Small Business COVID-19 Diaries: Part 4

Small Business COVID-19 Diaries: Part 4

COVID-19 upended economic activity and disrupted bandar poker online business owners’ lives. Here are stories from real entrepreneurs about how the novel coronavirus pandemic is impacting them.
As states begin easing restrictions that were put in place to thwart the spread of COVID-19, many small business owners still find themselves picking up the pieces. While the work never stopped – even while operations were suspended or limited – many are finding that a return to “normalcy” isn’t exactly what they expected.

In this installment of business.com’s small business COVID-19 diaries, we catch up with three entrepreneurs who have emerged from the initial shock of the pandemic in very different ways.

Looking for resources on how to help your small business through the COVID-19 pandemic? Visit the business.com COVID-19 resource page.

Todd Spodek, managing partner of Spodek Law Group
Spodek Law Group PC is a law firm in New York City that provides litigation services for criminal defense as well as divorce and family law. The firm employs 10 people.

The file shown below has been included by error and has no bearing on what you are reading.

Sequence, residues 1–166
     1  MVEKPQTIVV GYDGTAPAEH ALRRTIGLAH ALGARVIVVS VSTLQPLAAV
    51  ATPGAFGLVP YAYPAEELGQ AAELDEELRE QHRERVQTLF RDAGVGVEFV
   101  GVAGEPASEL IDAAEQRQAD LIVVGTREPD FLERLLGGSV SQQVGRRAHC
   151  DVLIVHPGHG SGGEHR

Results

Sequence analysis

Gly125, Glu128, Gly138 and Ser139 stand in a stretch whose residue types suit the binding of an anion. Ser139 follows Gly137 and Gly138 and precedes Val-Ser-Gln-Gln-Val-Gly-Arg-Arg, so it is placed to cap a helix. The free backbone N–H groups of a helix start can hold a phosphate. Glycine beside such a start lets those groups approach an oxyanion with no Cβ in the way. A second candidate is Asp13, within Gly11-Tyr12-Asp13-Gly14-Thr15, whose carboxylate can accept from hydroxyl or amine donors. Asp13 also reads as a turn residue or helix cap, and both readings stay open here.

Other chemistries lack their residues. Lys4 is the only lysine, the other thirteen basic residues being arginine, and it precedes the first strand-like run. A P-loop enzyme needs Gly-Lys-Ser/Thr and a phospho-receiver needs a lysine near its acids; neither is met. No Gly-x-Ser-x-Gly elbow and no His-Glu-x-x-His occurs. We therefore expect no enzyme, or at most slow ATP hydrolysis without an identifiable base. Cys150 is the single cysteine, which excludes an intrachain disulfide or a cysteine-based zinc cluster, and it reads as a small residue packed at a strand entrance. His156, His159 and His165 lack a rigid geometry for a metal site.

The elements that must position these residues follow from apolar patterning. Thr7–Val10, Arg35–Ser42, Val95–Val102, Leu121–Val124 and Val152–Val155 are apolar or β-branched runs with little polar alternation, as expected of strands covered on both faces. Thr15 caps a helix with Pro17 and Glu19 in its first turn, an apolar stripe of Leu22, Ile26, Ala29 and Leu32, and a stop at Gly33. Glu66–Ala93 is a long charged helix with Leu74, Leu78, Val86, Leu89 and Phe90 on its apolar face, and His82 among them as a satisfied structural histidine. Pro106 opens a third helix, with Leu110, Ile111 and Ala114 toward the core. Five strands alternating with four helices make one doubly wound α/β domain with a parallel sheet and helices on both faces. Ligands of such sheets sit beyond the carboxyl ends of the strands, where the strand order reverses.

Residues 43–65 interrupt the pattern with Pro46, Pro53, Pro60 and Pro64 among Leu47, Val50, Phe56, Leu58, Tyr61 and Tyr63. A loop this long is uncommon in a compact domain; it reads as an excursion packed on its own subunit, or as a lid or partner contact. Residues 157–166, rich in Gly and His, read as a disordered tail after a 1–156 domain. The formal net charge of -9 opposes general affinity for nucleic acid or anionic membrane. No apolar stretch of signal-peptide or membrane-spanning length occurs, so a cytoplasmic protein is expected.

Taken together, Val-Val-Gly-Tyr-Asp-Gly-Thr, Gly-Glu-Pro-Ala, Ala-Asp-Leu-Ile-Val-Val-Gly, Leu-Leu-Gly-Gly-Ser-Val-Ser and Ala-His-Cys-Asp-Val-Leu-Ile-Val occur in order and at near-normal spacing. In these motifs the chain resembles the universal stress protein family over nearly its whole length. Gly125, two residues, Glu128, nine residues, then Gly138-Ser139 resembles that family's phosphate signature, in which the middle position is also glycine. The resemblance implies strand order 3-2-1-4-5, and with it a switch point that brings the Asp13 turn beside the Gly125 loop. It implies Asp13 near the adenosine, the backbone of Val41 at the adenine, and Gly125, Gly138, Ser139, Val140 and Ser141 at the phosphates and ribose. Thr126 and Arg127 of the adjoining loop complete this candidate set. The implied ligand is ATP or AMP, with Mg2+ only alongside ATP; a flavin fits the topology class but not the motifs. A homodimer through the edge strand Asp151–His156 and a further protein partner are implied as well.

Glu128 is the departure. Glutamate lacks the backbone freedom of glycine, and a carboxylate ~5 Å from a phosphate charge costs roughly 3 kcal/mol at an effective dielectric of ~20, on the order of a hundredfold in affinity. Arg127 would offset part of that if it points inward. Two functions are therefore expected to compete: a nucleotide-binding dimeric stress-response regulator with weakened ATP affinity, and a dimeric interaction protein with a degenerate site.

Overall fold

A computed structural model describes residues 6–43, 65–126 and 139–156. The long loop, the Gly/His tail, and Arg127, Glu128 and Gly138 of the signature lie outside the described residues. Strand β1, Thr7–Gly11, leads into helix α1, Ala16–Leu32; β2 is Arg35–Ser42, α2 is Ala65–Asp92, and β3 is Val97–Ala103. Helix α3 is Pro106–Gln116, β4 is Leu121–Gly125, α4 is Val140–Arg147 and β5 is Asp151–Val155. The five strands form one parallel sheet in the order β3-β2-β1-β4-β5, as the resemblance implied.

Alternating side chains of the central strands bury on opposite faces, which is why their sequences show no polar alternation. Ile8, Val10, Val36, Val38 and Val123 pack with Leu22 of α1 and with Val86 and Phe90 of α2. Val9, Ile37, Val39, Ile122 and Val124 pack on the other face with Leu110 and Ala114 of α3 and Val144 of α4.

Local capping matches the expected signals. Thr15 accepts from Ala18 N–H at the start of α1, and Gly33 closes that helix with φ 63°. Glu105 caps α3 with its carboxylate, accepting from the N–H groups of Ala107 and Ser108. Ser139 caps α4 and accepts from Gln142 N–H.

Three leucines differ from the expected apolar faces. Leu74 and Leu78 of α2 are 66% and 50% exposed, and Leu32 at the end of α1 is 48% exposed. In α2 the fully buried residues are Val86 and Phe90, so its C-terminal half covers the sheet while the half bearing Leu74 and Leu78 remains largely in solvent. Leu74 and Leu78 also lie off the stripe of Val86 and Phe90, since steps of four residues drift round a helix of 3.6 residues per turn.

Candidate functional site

Managing partner Todd Spodek, who is a business.com community member, was approved for a Paycheck Protection Program loan of $200,000 in April under the initial round of funding for the program. Since then, he has cut extraneous expenses, caught up with past clients and legal adversaries, established referral networks to help clients access needed assistance, and established a pro bono program for first responders.

While Spodek acknowledges his business has been interrupted, he is largely optimistic.

“To be honest, everything kind of worked out OK,” he said.

He attributes the success of the firm to effective planning at the outset of the pandemic, including an immediate cutting of expenses, pivoting to a remote work model, negotiating with landlords, and community outreach efforts that generated significant goodwill and helped to establish new referral networks.

“A lot of businesses are focused on sales … but the more you focus on sales when people are not in that mindset, the more distance you’re putting into that relationship,” Spodek said. “I took the approach that … our clients need the help now and need someone to organize things for them. We’re focused on providing help. When their life implodes, we’re there.”

According to Spodek, the firm does this through initiatives like the pro bono program for first responders. It also partnered with an organization called Blueground, which provides fast, furnished housing to people who find themselves without a living arrangement on short notice. Additionally, the firm partners with a service called Crisis Text Line, which offers 24/7 support with a counselor.

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